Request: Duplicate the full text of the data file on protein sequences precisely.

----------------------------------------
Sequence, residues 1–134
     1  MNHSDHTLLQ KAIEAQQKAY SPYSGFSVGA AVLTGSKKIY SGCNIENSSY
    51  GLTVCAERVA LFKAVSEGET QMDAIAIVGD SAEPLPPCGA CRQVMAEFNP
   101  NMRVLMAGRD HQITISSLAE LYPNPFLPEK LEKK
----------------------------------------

Sequence, residues 1–134
     1  MNHSDHTLLQ KAIEAQQKAY SPYSGFSVGA AVLTGSKKIY SGCNIENSSY
    51  GLTVCAERVA LFKAVSEGET QMDAIAIVGD SAEPLPPCGA CRQVMAEFNP
   101  NMRVLMAGRD HQITISSLAE LYPNPFLPEK LEKK